This project aims to gain insight into the requirements of researchers,
data managers, publishers and funding agencies with regard to preserving
research data. PARSE.insight will help to shape the EU's preservation
infrastructure, as part of the broader e-Research infrastructure, so
that European citizens can continue to gain benefits from its digital
resources, in all aspects of life.
In order to give as full a picture as possible of the needs of the research community, we kindly request that you complete our questionnaire on behalf of your Library, if possible before 19 December 2008. It will take you about 15-20 minutes.
Go to the survey:
Reponses are aggregated for analysis and made anonymous. If you wish to be informed about the results of the survey, please enter your e-mail address at the end of the survey.
The results of this survey will be presented at the LIBER Workshop on digital preservation: Curating Research. e-Merging New Roles and Responsibilities in the European Landscape, on 17 April 2009 at the Koninklijke Bibliotheek in The Hague. A formal invitation to attend this workshop will be sent to you later.
Thank you for your participation.
National Library of the Netherlands
Dear Mr McCreevey,
Green Paper Copyright in the Knowledge Economy
1. These comments on the European Commissions Green Paper Copyright in the Knowledge Economy are from ATILIM UNIVERSITY-ANKARA-TURKEY, being member of LIBER Ligue des Bibliothèques Européennes de Recherche / Association of European Research Libraries. LIBER is the major organisation representing research libraries in Europe. It has almost 400 institutional members from 40 countries. LIBERs mission is the representation and promotion of the interests of these libraries, the improvement of access to collections in European research libraries and the provision of more efficient information services across the continent.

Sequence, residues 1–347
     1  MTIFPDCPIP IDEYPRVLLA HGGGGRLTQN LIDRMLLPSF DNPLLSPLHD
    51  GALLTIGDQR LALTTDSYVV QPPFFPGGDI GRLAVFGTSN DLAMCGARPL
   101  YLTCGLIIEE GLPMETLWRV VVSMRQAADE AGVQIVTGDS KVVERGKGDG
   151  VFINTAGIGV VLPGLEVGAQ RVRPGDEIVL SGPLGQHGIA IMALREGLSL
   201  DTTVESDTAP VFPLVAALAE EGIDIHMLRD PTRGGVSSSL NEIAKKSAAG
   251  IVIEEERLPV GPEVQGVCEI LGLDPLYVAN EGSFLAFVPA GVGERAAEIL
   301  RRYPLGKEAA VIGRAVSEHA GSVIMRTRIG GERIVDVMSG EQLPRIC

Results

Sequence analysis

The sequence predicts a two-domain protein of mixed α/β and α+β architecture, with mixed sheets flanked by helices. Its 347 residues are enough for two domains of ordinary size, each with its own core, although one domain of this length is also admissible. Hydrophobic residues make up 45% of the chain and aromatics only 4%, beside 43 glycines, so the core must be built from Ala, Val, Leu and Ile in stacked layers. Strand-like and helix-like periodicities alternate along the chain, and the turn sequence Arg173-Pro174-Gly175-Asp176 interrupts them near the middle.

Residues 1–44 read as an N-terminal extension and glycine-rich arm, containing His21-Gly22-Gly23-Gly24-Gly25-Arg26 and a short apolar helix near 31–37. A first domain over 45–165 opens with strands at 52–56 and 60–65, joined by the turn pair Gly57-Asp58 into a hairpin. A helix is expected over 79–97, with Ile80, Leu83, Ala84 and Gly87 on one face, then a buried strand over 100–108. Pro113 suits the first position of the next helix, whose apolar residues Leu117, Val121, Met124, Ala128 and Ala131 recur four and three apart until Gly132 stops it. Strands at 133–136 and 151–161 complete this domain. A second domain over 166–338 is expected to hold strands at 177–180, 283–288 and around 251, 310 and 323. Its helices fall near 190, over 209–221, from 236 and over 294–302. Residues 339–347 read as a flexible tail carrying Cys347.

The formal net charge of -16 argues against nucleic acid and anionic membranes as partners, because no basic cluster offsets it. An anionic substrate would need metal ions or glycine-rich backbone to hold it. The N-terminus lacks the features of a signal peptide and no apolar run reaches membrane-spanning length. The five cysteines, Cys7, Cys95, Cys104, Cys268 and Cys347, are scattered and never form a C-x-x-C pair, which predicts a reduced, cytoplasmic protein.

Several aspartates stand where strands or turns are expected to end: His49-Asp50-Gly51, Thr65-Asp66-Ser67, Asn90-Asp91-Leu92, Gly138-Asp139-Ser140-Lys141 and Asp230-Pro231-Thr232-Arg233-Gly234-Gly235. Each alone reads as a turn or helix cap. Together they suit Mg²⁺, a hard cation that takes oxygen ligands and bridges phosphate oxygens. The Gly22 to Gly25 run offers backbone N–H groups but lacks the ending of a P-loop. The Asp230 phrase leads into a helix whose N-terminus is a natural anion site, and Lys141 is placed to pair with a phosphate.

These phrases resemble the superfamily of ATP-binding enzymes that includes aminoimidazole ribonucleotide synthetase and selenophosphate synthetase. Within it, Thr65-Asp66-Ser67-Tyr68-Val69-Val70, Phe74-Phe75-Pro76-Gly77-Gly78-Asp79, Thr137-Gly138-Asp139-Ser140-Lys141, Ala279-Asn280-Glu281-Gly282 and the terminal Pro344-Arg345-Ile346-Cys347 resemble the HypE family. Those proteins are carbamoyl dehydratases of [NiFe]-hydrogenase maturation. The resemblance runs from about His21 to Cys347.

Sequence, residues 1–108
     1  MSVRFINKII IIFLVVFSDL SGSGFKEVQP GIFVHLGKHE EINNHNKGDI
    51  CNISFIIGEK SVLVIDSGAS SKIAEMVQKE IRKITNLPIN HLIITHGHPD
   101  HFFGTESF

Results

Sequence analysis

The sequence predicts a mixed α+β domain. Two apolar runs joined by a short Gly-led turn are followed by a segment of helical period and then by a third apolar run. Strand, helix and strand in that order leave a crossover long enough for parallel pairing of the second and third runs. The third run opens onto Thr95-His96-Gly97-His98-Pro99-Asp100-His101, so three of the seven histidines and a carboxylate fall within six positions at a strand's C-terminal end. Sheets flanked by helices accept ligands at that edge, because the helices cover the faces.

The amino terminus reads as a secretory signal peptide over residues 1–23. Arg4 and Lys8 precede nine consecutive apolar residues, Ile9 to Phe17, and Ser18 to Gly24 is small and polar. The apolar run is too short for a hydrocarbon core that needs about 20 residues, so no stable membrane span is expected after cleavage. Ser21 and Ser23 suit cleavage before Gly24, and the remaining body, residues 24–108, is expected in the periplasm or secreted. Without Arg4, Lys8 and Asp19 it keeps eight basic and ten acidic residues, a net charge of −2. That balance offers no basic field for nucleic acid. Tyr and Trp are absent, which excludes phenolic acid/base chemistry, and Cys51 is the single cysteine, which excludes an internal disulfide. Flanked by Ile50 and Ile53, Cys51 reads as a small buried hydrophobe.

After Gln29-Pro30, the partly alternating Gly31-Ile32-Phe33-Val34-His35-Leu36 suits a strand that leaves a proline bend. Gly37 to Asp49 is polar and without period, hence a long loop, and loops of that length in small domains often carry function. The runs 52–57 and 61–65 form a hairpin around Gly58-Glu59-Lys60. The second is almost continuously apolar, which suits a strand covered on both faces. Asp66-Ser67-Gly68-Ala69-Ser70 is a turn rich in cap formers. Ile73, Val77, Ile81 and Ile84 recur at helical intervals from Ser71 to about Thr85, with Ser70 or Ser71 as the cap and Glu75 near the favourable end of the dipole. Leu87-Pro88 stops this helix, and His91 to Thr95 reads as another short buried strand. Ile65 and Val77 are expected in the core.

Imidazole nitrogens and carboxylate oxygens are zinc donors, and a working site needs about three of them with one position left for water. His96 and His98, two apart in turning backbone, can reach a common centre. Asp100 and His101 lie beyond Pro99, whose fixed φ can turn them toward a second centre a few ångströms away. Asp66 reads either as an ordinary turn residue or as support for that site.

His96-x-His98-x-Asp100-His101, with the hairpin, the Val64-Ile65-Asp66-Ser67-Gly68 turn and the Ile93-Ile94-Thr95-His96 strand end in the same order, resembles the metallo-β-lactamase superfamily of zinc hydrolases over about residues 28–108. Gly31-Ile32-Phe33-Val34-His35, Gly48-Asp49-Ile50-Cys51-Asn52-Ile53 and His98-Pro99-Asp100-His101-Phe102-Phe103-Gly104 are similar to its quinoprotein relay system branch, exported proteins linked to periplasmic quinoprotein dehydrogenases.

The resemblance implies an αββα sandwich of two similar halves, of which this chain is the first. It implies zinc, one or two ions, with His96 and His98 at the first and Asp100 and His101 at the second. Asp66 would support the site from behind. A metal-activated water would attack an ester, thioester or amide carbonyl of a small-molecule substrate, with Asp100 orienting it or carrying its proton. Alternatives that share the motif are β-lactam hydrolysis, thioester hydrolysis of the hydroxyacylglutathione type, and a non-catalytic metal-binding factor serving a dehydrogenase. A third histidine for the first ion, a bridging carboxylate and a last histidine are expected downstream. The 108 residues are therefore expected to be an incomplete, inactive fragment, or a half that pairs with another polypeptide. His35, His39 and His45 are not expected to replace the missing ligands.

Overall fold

2. We strongly support the submissions made to the consultation process on the Green Paper by LIBER, EBLIDA (European Bureau of Library, Information and Documentation Associations) and SCONUL (Society of College, National and University Libraries).
3. The purpose of the Green Paper is to initiate a debate on how knowledge for research, science and education can best be disseminated in the online environment. We are happy to comment on both parts of the Green Paper and would like in particular to make the following points in relation to:
· General Issues regarding exceptions to exclusive rights introduced in the main piece of European copyright legislation The Information Society Directive (Directive 2001/29/EC) and the Database Directive (Directive 96/9/EC).
· Specific Issues related to exceptions and limitations which are most relevant for the dissemination of knowledge and whether these exceptions should evolve in the era of digital dissemination
4. Question 3. Is an approach based on a list of non-mandatory exceptions adequate in the light of evolving Internet technologies and the prevalent economic and social expectations?